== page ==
This article first appeared on “Who Fishes Matters,” the official blog of the Northwest Atlantic Marine Alliance (NAMA) on August 31, 2012.
Written by: Pamela Flash
I have to be honest, my love of shrimp is deeply rooted as my ‘go to food’ when back in the day I wanted something low calorie and low fat to eat. Of course, this was in the days before we worried about our cholesterol levels. Salad and shrimp cocktail were not going to pack on the pounds.
Back then, I had no idea where my shrimp came from but my guess is that it was wild and lived in the ocean. Now, it’s still a challenge to figure out my shrimp’s origins and on top of that I find my food choices have become more complicated.
So, it’s summer and the perfect time to eat outside, and to eat lots of shellfish. I decided I would try to get a sense of where the shrimp that I order in a restaurant comes from.
Why should you ask where the shrimp (or any animal protein for that matter) is sourced?
The shrimp we order at a restaurant is most likely farm raised. They are fed antibiotics, GMO feed or some other unnerving food source. According to Food and Water Watch, “Fish-lovers would be horrified to learn that huge quantities of fish and shrimp are now being grown in giant nets, cages, and ponds where antibiotics, hormones and pesticides mingle with disease and waste. These industrialized aquaculture facilities are rapidly replacing natural methods of fishing that have been used to catch fresh, wild seafood for millennia.”
Not sounding good to me.
A 30-million-square-meter shrimp farm in Indonesia
In one high-end restaurant I visited recently, I asked, “Can you tell me where the shrimp is from and if it is wild or farm-raised?” The waiter came back with the answer that the shrimp were wild and from Guatemala.
Another thing to think about is that shrimp are often farm-raised in foreign countries like Indonesia, where the workers rights are questionable and the effects of shrimp farms can be devastating to their ecosystems. And, let us not forget the increased carbon footprint created when shrimp travels hundreds if not thousands of miles to make it to our dinner plate.
Seriously? I applaud the wild but why couldn’t they find a source from the United States?
Since I have been doing my own personal survey in the NYC area, I realized it was not enough to ask where the shrimp is from. I needed to go further. For instance, what about the people who helped harvest and deliver the shrimp?
So if the shrimp have travelled the world to get to my plate in New York, was everyone involved in the process paid a fair price? I have talked to many people who know fishermen who will sell their catch for a $1.00 per pound or less, and for it then to be sold in a supermarket for $15 to $20 per pound. With a smaller portion of the profits going to the fishermen it forces them into high volume fisheries, which we know isn’t good for the ecosystem overall.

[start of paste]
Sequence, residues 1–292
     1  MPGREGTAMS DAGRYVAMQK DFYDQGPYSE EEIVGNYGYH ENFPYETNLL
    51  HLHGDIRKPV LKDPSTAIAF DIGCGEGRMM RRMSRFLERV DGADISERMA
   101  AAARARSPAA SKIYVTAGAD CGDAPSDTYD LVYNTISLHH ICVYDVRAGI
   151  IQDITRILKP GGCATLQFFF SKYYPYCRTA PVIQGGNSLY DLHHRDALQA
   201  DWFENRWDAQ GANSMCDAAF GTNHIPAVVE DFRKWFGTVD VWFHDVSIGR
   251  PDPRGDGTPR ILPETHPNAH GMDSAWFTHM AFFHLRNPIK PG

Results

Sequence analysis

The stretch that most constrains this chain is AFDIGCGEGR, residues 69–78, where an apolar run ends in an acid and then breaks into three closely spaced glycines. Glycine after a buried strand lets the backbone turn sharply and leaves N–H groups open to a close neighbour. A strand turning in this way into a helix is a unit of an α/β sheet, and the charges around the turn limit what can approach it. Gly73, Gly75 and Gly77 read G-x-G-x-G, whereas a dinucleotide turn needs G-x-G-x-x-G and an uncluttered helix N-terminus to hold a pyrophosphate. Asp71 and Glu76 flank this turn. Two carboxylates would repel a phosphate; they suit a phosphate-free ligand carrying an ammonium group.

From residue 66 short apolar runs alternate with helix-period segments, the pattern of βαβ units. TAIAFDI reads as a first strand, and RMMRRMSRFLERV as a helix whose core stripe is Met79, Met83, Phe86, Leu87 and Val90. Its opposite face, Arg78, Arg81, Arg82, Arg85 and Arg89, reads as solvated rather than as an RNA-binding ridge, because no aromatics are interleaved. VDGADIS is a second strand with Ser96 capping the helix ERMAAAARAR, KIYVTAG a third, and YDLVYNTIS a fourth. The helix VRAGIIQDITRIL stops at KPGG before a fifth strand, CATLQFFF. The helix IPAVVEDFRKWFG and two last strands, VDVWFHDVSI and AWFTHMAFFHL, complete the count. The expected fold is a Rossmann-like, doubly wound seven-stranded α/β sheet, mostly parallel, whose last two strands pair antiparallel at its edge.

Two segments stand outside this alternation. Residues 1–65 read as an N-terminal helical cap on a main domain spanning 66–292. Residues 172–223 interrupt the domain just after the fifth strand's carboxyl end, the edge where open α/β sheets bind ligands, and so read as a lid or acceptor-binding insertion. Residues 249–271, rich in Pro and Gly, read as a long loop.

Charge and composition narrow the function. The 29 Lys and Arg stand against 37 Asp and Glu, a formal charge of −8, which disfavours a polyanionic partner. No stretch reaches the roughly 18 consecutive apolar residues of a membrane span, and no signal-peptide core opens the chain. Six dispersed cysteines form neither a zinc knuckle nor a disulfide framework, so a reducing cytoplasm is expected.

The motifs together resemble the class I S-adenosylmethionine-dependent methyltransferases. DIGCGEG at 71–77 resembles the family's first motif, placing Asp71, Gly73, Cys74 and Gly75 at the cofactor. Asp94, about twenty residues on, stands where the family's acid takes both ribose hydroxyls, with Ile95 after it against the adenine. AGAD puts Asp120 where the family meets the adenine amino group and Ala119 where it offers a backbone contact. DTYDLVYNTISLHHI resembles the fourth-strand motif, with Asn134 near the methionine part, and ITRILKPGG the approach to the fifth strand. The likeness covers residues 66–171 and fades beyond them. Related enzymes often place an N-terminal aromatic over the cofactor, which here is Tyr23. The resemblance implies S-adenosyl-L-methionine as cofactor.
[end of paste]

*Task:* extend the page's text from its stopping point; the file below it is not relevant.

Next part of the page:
It just seems to be way more complicated than popping some tiny or jumbo shrimp in my mouth to satisfy my dietary desires. For me, I know enough about the food supply to question where my food comes from, so it is harder not to make an ethical choice.
But there is good news!
The good news is that many chefs in the New York City and Long Island area are offering their customers wild or sustainable shrimp. In my sampling of 20 or so restaurants since I started this quest to know where my shrimp comes from, I found a reasonable number of restaurants offered wild shrimp. One restaurant interestingly had both; they had wild shrimp from the Gulf for the shrimp cocktail and farm-raised from Indonesia for the shrimp skewer dinner.
Obviously, price is an issue for both the restaurateur and the consumer. The wild gulf shrimp cocktail was $17 for three. The dinner with the shrimp was $26 but it was a whole meal not an appetizer. Many consumers, including me, wouldn’t want to spend that much for shrimp cocktail.
Shrimping in Port Clyde, ME Source: PCFC website
And what about the challenges of restaurants, many who are now looking for shrimp that is affordable, local, ethical… where do they turn?
Well, I learned there are fisherman cooperative groups like Port Clyde Fresh Catch who harvest their shrimp seasonally between November and April, ensuring that a fair price goes to the fishers who are also helping to conserve the resource. And as it turns out, there is a fairly abundant and healthy supply of wild shrimp in our New England waters which many fishermen in Massachusetts, New Hampshire, and Maine depend on.
I know it can be uncomfortable to ask the wait staff where the shrimp is from because you don’t want to annoy them. However, most wait staff answered my inquiry graciously. If we as consumers create demand for wild, local (as local as possible), or sustainable shrimp more restaurants will hopefully make an effort to put it on the menu. Remember, it wasn’t long ago that you couldn’t find organic chicken on a menu, but the public has spoken and many restaurants now offer it, including some chain restaurants that serve naturally raised chicken and beef.
Consumer demand for wild or sustainable shrimp can also help save our ecosystem from additional damage. Besides, do we really want to be eating shrimp that is pumped up on antibiotics, fed GMO’s, and has a large carbon footprint? If we order our food responsibly in restaurants, we can start to make a difference and stop this trend of farmed raised shrimp as the norm.
Currently many menus list salmon as wild, chicken as organic, and beef as grass-fed. I would like to see the day when its commonplace for menus to list shrimp as wild.
So next time you’re in a restaurant, ask the question and let’s bring awareness to the topic.
Pamela Flash is based in Port Washington, NY and is the Social Media and Events Support volunteer for NAMA.